Saturday, July 2, 2022
News for Independent BusinessComedian and Entrepreneur Kevin Hart Owns Comedy

Comedian and Entrepreneur Kevin Hart Owns Comedy

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Unquestionably, Kevin Hart is one of the funniest and most talented guys in Hollywood. From stand-up acts to feature films, he is a star. As one might expect, it wasn’t always this way. In 2009, when he took out a two-year lease on just a small portion of office space to house his startup, HartBeat Productions, Hart was worried he wasn’t going to be able to afford it.

This was before his comedy specials became some of the highest-grossing of all time. Hart changed the economic paradigm that typically succumbed to the Hollywood elite. Historically, comedians and actors, even very successful ones, are simply cogs in a very large machine. They are essentially the product. They work hard, save what they can, but when the light fades on their career, they are forgotten for the most part.

Especially financially. Hart was out to change this, and not let the machine get the better of him and his career. He wanted to create something lasting. Something that will go on when you’re done. In the classic jargon of an entrepreneur, he emboldened the concept of don’t make money mostly for other people. Own what you do. Kevin Hart has created a sustainable, revenue-­generating enterprise that should endure.

Hart has a game plan committed to partnering with companies instead of doing one-time deals. He wants to create long term relationships with a handful of brands that can be carried forward. The Mountain Dew partnership includes a tie-in with his love of the NBA, and an ongoing ringside seat for the celebrity to mix it up with the players and fans. According to Forbes, Hart was the second highest paid comedian in 2017. Hart made $32 million last year, and more than 20% of his earnings came from branded partnerships with the likes of Nike and Tommy John. With one of the largest celebrity social media followings, he counts over 23 million followers on Facebook and over 35 million on Twitter. Hart can command seven figures to tout products. However, he says, he does it for more than the money. Successful partnerships act as resume builders.

The big time business move came when he and a partner were turned down by studios for his Laugh at my Pain film. According to partner Jeff Clanagan, “We took it to AMC Theaters, and they loved the film. We self-distributed it into their theaters. We had to put the prints together, we had to ship it to the theaters, make the posters; we did all the marketing ourselves.” This enabled Hart and Clanagan to turn the corner into the big time. Hart had become more than a star, he was now a successful business person.  With that said, stand-up is still what he likes to do and where the majority of his annual income comes from. In 2016, over $70 million of his $87.5 million in earnings came from touring, Forbes estimates. He grossed an average of $1 million per show, putting him in the upper echelons of on-stage performers. Like any successful entrepreneur, Hart loves what he does. “There is a high level of love for what I do. That’s my craft, that’s how it started. I would never turn my back on stand up; it opened up the doors I walk through now.” He is a very funny and successful guy.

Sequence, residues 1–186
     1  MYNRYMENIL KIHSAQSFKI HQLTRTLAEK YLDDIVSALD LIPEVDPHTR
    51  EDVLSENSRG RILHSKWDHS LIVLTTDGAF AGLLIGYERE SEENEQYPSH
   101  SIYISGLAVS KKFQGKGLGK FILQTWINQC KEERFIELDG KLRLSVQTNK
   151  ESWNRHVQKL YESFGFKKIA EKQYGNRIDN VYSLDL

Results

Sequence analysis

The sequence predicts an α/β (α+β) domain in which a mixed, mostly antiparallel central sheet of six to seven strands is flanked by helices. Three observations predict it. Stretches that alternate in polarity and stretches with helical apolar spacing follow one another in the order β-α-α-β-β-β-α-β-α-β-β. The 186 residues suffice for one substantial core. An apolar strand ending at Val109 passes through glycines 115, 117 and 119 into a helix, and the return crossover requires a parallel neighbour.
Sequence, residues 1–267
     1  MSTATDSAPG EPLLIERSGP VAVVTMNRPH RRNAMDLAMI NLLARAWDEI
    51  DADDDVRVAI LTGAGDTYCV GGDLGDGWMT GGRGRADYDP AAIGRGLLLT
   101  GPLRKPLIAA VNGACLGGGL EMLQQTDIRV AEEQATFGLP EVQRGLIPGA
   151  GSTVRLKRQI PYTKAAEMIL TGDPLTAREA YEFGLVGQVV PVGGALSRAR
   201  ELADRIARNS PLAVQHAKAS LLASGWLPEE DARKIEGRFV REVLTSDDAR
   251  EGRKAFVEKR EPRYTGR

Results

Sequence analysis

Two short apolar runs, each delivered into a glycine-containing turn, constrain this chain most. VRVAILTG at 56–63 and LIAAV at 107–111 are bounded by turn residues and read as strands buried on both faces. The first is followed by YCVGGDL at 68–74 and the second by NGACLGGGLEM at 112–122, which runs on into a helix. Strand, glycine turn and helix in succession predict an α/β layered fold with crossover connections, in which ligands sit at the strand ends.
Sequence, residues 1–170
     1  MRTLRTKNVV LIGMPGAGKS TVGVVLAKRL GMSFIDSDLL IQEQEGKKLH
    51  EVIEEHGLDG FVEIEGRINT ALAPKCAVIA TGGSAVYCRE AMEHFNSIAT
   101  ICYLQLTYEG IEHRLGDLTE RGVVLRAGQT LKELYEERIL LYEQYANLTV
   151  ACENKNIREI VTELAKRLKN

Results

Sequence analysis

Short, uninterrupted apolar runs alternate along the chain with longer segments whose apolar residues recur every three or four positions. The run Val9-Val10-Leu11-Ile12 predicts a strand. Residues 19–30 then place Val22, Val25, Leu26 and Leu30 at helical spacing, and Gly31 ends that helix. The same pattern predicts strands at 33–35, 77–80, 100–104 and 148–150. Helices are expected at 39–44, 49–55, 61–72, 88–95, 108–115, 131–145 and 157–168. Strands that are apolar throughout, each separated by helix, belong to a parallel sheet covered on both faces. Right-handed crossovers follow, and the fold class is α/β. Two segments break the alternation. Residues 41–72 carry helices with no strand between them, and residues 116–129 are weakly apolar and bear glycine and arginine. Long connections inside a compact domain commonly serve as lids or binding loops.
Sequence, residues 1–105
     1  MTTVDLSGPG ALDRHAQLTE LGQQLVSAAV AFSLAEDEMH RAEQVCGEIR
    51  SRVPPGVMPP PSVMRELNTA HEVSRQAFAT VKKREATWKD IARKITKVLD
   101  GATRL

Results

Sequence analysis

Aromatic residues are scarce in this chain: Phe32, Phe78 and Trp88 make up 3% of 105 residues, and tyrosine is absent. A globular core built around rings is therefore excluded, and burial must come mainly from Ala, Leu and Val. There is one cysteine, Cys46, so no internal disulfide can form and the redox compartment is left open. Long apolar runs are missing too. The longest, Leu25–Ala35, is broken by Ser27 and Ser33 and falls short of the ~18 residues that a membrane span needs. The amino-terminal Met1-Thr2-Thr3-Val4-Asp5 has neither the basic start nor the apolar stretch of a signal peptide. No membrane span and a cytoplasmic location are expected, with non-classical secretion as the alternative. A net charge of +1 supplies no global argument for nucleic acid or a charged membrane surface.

Figure 1Kevin Hart Mountain Dew Commercial

Hart has a game plan committed to partnering with companies instead of doing one-time deals. He wants to create long term relationships with a handful of brands that can be carried forward. The Mountain Dew partnership includes a tie-in with his love of the NBA, and an ongoing ringside seat for the celebrity to mix it up with the players and fans. According to Forbes, Hart was the second highest paid comedian in 2017. Hart made $32 million last year, and more than 20% of his earnings came from branded partnerships with the likes of Nike and Tommy John. With one of the largest celebrity social media followings, he counts over 23 million followers on Facebook and over 35 million on Twitter. Hart can command seven figures to tout products. However, he says, he does it for more than the money. Successful partnerships act as resume builders.

The big time business move came when he and a partner were turned down by studios for his Laugh at my Pain film. According to partner Jeff Clanagan, “We took it to AMC Theaters, and they loved the film. We self-distributed it into their theaters. We had to put the prints together, we had to ship it to the theaters, make the posters; we did all the marketing ourselves.” This enabled Hart and Clanagan to turn the corner into the big time. Hart had become more than a star, he was now a successful business person.  With that said, stand-up is still what he likes to do and where the majority of his annual income comes from. In 2016, over $70 million of his $87.5 million in earnings came from touring, Forbes estimates. He grossed an average of $1 million per show, putting him in the upper echelons of on-stage performers. Like any successful entrepreneur, Hart loves what he does. “There is a high level of love for what I do. That’s my craft, that’s how it started. I would never turn my back on stand up; it opened up the doors I walk through now.” He is a very funny and successful guy.

 

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